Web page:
Many people believe morality is declining — but it may be an illusion
People around the world say kindness, respect, and honesty are declining but that may be a cognitive illusion, researchers reported this week.
Why it matters: People's beliefs can guide their behavior toward each other, shape policy and influence how resources are allocated.
Driving the news: Survey data from 60 countries shows most people around the world believe morality is declining — and they've thought that for at least 70 years, according to new research published this week in the journal Nature.
- The study — by Adam Mastroianni, a postdoctoral research scholar at Columbia Business School and author of the blog Experimental History, and Harvard psychologist Daniel Gilbert — focuses on "everyday morality," the kindness, respect, and honesty that most people agree are a reflection of morality.
- The researchers also surveyed people in January 2020 and asked them to compare whether people were "kind, honest, nice, and good" in 2020, 2010, and 2000, as well as at various times in the past, including when they turned 20 years old and the year they were born.
- Young and old people, liberals and conservatives, people who had graduate degrees and those who hadn't finished high school, parents and non-parents all said morality was declining. The belief was seen across races and genders as well. (The decline was perceived to be greater between some groups — for example, conservatives said there was more decline compared to liberals.)
The researchers then compared surveys taken over time that asked respondents to rate the morality of people in the present time by answering questions like, "Would you say that most of the time people try to be helpful, or that they are mostly just looking out for themselves?" The 107 surveys of more than 4.4 million people were done between 1965 and 2020, and participants were asked at least twice and at least 10 years apart.
- "If, as people all over the world claim, morality has been declining steadily and precipitously for decades, then people's reports of current morality should also have declined over the years," they write.
- But they didn't.
- That suggests the perception of moral decline is an illusion, the researchers argue. (Mastroianni notes that just because morality is not worse, it doesn't mean it is good, and wars, climate change, racial injustices, and massive inequality remain.)
How it works: There are likely many ways the illusion is created, Mastroianni says.
- One possibility is it arises from the combination of two psychological phenomena: our tendency to pay more attention to negative than positive information and for our negative memories to fade faster than positive ones.
- Paying more attention to the negative behavior of people makes sense if you are to be aware of threats and to survive, Mastroianni adds.
- And as time goes on, those past threats fade in our memory, says Norbert Schwarz, a professor of psychology at the University of Southern California who wasn't involved in the study. There are notable exceptions, he says, including memories involving racism or horrific events like the Holocaust.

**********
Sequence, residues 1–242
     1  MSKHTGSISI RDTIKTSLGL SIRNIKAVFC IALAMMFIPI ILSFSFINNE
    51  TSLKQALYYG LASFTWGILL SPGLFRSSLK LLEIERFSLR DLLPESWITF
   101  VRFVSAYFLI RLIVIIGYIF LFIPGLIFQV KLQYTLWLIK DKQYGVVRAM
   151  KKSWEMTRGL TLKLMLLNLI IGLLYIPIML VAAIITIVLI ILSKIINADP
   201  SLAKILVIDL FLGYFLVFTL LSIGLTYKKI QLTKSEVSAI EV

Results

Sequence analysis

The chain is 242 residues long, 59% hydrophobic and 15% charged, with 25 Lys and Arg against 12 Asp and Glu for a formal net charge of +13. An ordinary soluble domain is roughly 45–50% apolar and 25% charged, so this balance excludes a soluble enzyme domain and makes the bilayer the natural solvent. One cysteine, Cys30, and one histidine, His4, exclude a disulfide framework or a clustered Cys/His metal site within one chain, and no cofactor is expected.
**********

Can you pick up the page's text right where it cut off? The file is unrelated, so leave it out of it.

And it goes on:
What they're saying: The findings are a "powerful demonstration of this illusion," offers Richard Eibach, a professor of psychology at the University of Waterloo.
- There are limitations to the study: The authors note that some of the surveys ask about perceptions of moral values without defining it or are vague about the time in the past people were asked to compare to the present.
The big picture: The finding echoes other studies that converge on people tending to be pessimistic about the present compared to the past. For example, researchers have found parents say the world has become more dangerous — usually starting right around when their first child was born.
- "When you become a parent, you have to be aware of risks and dangers that you could previously safely ignore ... and so you're paying attention to more dangerous information in your world and that may lead to this illusory perception that danger is actually increasing," Einbach says.
- In a recent survey, most respondents who were asked about trends over the past 20 years, such as the percentage of people living in poverty or average wages, said they'd gotten worse. But they hadn't.
- "Across nations and time, [findings] suggest [pessimism] is a function of basic cognitive processes as opposed to something unique to current time or a certain party," says survey author Greg Mitchell, a law professor at the University of Virginia.
- Lisa Libby, a professor of psychology at Ohio State University, says: "The past is very malleable and in ways that the present is not, so you can manage your impression of the present by changing the past easier than it is to sometimes change the present."
The intrigue: When people were asked about the morality of people close to them or who lived before they were born and they didn't know, "the perception of moral decline was attenuated, eliminated or reversed," Mastroianni writes.
- In other studies, there are areas where people perceive progress — with accuracy or even over-optimism, Mitchell says, pointing to work by Yale psychologist Jennifer Richeson that finds Americans overestimate progress in racial economic equality.
- "If there has been enough attention given to certain topics, you can overcome people’s pessimism about things," he says.
"A nice moral to come away with from this story is when we find ourselves getting caught up in a drama of "Oh, things are so bad today," we should think about the people we actually know and encounter in our lives," Eibach says.
- It may be people's behavior "isn't all that bad, or all that worse than it was in the past. That for me is a very heartening message."